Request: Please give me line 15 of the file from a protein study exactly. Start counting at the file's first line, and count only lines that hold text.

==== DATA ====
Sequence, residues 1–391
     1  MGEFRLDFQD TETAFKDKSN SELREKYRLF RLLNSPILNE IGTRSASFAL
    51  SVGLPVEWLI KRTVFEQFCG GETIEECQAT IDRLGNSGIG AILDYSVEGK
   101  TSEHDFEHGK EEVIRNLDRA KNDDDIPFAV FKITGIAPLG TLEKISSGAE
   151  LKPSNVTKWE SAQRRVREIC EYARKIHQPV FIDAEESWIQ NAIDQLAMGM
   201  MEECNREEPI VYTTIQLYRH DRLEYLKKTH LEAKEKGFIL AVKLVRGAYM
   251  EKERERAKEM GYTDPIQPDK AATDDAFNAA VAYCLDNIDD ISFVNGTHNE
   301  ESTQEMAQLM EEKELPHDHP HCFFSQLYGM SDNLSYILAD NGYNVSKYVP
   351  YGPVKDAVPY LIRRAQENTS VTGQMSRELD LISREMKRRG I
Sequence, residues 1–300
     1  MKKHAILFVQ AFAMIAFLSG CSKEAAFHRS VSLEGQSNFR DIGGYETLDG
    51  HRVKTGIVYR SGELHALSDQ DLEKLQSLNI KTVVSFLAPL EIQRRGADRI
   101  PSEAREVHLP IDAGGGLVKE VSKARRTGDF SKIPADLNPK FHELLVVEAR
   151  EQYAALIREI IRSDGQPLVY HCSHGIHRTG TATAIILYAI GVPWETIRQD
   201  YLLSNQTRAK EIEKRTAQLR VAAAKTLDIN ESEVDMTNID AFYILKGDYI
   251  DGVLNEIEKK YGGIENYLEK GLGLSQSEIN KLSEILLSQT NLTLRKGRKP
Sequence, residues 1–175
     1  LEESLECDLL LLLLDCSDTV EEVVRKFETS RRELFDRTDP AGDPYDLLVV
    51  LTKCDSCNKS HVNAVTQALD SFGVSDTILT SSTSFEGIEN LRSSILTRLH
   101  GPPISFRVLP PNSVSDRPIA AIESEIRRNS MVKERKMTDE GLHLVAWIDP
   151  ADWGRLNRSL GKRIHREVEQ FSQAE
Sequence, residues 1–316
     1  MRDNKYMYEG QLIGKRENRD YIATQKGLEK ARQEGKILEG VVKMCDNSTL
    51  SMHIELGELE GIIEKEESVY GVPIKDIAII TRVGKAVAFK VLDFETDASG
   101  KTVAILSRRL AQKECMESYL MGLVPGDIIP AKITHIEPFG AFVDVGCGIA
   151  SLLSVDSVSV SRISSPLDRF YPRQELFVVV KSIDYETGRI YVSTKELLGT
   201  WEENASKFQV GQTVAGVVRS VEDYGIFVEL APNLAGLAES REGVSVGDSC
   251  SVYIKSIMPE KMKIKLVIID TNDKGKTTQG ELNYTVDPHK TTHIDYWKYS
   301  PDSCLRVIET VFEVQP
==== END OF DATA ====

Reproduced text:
   201  YLLSNQTRAK EIEKRTAQLR VAAAKTLDIN ESEVDMTNID AFYILKGDYI